You Can Make Your 'Do Not Track' Requests, But Websites Ignore Them And The FCC Does Nothing


On Nov. 6, the Federal Communications Commission (FCC) stated that it can do nothing to keep Internet companies like Facebook, Google and ad providers from tracking their users' data online.

Consumer Watchdog, a privacy advocacy organization, filed a petition concerning the "Do Not Track" setting with the intent to make data tracking illegal for websites and advertisers alike.

"Do Not Track" is a standard option in all web browsers and by enabling it, users signal the fact that they desire tracking systems to ignore their data. In theory, all sites that you visit while having the "Do Not Track" enabled should not track you. Far from being a mandatory action, it all depends on the willingness of the website to comply. This means that the setting communicates the users' preference, but it does not oblige the website to respect it.

The FCC's decision puzzled many users, as the Commission enforced Net Neutrality rules on Feb. 2015, aimed at providing privacy protection to consumers. In retort, FCC explained that it considers enforcing the "Do Not Track" policies as a step out of its jurisdiction.

"The Commission has been unequivocal in declaring that it has no intent to regulate edge providers," reads the ruling [pdf].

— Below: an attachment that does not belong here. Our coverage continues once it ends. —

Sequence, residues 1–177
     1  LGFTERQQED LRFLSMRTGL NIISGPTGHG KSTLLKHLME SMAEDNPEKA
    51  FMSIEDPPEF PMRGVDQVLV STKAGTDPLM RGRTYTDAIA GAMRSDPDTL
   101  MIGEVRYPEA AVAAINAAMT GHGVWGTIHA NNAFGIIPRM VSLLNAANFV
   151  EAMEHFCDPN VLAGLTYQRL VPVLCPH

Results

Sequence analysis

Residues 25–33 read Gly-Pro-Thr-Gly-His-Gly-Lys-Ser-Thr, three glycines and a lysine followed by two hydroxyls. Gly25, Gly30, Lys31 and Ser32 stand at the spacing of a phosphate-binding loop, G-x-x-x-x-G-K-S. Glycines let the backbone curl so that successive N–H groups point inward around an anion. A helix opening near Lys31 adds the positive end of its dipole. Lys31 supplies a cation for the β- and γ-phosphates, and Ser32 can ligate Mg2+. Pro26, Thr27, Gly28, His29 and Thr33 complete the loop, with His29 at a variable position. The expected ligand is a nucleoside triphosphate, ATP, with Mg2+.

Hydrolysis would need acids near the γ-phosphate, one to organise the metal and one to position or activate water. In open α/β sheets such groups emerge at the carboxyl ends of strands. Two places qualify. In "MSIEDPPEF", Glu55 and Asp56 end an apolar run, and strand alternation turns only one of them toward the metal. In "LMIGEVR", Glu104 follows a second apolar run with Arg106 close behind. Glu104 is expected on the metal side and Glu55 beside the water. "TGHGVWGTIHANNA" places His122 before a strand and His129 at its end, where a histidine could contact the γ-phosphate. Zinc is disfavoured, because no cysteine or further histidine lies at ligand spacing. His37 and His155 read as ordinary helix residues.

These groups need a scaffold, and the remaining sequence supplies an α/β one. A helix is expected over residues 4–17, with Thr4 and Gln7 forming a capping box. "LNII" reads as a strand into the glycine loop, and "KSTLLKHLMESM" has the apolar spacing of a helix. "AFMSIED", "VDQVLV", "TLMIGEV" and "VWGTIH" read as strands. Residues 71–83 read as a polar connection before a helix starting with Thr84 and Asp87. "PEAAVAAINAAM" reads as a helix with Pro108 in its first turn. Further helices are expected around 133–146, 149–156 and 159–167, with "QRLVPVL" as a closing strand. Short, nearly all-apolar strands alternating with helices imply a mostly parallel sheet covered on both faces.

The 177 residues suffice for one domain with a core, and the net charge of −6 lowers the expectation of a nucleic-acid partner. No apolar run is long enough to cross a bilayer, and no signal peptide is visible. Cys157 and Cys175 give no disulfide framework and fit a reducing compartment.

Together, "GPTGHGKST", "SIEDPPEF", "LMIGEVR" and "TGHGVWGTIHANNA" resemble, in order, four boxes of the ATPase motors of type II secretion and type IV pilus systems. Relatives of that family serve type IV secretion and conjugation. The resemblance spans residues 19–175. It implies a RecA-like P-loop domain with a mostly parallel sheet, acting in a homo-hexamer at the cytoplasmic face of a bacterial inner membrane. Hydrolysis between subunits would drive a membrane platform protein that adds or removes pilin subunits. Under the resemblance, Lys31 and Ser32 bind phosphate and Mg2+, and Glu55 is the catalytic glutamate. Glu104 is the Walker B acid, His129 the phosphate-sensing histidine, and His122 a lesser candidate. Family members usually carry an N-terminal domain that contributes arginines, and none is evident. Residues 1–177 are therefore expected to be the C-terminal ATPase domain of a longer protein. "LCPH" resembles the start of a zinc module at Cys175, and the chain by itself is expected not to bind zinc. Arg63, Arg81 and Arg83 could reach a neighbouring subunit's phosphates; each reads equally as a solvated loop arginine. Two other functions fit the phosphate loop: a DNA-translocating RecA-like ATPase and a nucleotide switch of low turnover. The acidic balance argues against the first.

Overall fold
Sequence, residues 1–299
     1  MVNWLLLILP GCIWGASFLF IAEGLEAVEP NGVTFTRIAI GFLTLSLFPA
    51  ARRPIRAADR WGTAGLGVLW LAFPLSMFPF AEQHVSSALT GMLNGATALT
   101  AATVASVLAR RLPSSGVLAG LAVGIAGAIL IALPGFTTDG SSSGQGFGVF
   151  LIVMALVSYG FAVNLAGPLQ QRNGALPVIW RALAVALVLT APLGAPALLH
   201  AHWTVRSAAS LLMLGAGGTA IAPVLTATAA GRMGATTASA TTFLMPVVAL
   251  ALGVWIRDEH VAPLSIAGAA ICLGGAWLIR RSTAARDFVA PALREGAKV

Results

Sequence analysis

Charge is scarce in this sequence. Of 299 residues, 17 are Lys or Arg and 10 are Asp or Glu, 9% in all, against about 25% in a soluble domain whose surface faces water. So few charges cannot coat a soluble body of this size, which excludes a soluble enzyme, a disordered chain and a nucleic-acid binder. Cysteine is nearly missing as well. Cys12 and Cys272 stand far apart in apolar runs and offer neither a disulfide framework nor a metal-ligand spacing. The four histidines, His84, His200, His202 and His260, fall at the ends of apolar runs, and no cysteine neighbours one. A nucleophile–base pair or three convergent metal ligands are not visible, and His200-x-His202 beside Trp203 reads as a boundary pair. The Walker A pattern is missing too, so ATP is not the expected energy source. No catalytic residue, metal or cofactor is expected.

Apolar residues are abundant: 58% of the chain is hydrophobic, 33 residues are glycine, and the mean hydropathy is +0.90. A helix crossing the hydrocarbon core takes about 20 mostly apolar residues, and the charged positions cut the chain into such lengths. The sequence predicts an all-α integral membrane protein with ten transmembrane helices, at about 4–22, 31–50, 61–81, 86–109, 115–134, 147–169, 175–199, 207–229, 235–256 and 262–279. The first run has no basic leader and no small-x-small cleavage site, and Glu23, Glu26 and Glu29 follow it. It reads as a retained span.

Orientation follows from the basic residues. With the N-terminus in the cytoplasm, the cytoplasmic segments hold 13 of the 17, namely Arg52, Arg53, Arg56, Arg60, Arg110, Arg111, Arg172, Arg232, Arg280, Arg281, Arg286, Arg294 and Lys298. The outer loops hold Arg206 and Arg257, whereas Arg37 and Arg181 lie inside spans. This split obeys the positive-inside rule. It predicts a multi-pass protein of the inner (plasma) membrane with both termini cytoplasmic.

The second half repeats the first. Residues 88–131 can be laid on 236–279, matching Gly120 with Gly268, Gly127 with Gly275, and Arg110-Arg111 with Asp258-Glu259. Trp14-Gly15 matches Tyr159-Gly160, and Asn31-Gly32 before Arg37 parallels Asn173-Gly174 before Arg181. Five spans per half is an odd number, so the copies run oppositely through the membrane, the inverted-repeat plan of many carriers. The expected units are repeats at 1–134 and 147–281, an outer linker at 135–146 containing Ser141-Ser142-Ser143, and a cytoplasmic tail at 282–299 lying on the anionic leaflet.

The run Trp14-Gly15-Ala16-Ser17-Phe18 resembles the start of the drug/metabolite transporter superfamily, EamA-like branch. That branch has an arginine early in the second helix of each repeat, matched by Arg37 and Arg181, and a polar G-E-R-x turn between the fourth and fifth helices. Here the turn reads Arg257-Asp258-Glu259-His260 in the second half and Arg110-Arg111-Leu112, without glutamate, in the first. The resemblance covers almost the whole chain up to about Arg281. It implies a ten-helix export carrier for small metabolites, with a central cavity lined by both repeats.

In FCC's opinion, corporations such as Twitter or Microsoft offer Internet services but not actual Internet connections, which set them apart from the pool of companies that the Commission has a warrant to regulate.

However, the privacy advocate group Consumer Watchdog has a different take on the subject.

"We believe the FCC has the authority to enforce Internet privacy protections far more broadly than they have opted to do," John Simpson, director or Consumer Watchdogs, stated.  

He further pointed out that forcing browsers or advertisers to respect the "Do Not Track" setting means not to control the web, but to offer respect and power to users.

The pressure for enforcing data privacy has been mounting for some time, and the public is aware that a "Do Not Track" law would be the beginning of a more secure and democratic Internet.

It remains to be seen if the advertisers and tech giants will be willing to cut their data mining profits to earn the users' trust.

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